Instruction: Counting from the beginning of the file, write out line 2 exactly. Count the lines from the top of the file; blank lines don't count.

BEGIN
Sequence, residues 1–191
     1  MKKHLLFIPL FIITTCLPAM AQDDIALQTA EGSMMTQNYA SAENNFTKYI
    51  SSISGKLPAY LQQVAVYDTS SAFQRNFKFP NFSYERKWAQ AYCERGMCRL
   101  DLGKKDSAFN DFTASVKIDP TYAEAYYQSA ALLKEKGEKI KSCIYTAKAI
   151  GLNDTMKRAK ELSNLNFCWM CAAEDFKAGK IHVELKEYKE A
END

     1  MKKHLLFIPL FIITTCLPAM AQDDIALQTA EGSMMTQNYA SAENNFTKYI